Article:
Talking to our Children about Dating

Our oldest went to a girls’ retreat at church this weekend and it was obvious that she’s been refreshed and inspired. Since she came back we have had some serious discussions about dating and such.

Okay, so it was a sleepover, but it was really more than that. With all her stories it was easy to see that she received sound counsel and inspirational words from people that care enough to invest their time and lives with these kids. We are so grateful that our daughter has these mentors in her life, and influences, other than us parents, who could speak to her heart in such amazing and positive ways.

Speaking of dating, a 19-year-old homeschool graduate named Bryana Johnson was interviewed on the 700 Club because of this controversial article she had written. My husband and I had a good discussion with our daughter about it after. Tonight we watched the 700 Club interview, which also led to a heart-to-heart talk about dating and the popular culture.

Our daughter has a different idea about dating from a lot of girls her age, even her peers, and I understand that it is not easy to be different from the norm. Ah. To be in the world but not of the world. As parents, we are here to guide and to disciple, but the rest we leave in prayer and trust that she would always follow her convictions.

Date when you think you’re ready to marry. 

I am just thankful that we got some reinforcements, so to speak, this weekend… and they came from different places! Just grateful that while God is sitting on His throne, He continues to do the work in us, even in our children. How amazing and splendid, isn’t it?


2 thoughts on “Talking to our Children about Dating

  1. I just figured out you are blogging again. (uh..I’m slow like that. *smile*) So appreciate your approach here of guiding prayerfully and then trusting your daughter. I think that’s the only way to success, really. We have always encouraged our kids to the same thinking – don’t date until you are ready (in age and maturity) to be serious. One of our sons hasn’t followed this advice at all and it is hard to watch and live through…but he would do this no matter what we said or did, so we try not to make a fuss over it and help him learn through it. Our other son is dating for the very first time at 19. He chose a very lovely girl that he could imagine himself marrying someday and they are having a wonderful time becoming friends and creating relationships with each other’s families. It’s a sweet, sweet thing to be a part of. I don’t know if it will end up in a longterm relationship, but I am happy to see him happy and exploring romance for the first time. I think it has been harder on my daughter to wait (she’ll be 17 this month) as all her friends are actively pursuing guys and/or in a relationship, but watching from the outside she knows she doesn’t want to waste her time on silliness. And boy, are those high school relationships SILLY. (Not to say that some people don’t have real love as teens…look at Ann V and the Farmer! but not most of them.) All this to say, it’s a complicated business. VERY complicated. I think standards and encouragement are so important, setting good expectations for the kids – but in the end, especially as they get closer to adulthood, we have to walk with them through their own choices, not just impose ours on them. I love that gentleness I can sense in you already. Sorry for leaving a whole post in your comment box, but you know, I love chatting with friends. 🙂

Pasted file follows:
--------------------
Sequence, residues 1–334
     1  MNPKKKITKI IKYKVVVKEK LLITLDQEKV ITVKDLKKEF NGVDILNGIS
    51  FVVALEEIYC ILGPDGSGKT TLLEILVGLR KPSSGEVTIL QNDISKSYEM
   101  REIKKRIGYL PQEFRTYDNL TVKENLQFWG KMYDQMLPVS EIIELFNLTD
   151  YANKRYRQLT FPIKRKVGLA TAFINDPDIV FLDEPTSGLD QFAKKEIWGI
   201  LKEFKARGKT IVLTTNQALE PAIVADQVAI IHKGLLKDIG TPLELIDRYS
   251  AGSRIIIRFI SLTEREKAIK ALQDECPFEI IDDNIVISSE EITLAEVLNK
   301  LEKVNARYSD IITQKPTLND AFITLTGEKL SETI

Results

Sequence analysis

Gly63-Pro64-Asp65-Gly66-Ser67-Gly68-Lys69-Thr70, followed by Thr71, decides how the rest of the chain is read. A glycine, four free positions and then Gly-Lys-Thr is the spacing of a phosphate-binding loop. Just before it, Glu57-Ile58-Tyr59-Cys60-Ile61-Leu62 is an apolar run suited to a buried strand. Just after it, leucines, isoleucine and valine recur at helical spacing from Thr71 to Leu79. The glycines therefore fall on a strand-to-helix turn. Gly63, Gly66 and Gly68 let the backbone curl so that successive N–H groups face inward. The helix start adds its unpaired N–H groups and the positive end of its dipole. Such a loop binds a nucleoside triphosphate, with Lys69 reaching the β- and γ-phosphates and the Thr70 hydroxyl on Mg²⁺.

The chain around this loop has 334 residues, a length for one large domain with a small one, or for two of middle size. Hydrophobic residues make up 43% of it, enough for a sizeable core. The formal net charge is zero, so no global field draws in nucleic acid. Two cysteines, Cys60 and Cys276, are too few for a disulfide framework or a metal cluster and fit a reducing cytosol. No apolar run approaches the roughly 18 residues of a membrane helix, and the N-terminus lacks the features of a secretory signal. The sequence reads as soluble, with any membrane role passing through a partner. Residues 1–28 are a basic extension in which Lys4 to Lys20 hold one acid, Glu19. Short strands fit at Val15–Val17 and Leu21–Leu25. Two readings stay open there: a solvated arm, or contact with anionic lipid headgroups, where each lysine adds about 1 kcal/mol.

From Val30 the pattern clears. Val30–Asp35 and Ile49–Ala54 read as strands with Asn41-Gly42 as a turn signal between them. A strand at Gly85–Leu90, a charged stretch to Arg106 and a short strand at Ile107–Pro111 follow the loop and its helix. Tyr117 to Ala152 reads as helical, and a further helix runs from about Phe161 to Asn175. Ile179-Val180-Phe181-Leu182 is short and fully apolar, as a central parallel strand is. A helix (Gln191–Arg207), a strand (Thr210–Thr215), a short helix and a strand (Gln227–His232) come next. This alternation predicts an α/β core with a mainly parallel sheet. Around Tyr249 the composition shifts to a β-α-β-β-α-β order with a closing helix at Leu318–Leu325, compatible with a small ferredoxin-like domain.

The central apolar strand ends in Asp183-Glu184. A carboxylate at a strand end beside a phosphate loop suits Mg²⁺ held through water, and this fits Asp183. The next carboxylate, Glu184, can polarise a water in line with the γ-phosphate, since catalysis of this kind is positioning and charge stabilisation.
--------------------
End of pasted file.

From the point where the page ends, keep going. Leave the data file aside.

2. Tonia, thank you for keeping me company and staying for a while. I could actually see you on the opposite side of the table sipping tea. I’m glad you shared, as I value your thoughts and ideas; and you’ve been in this journey (just a bit) longer than myself.

    I do admire that daughter of yours. She is beautiful inside and out.

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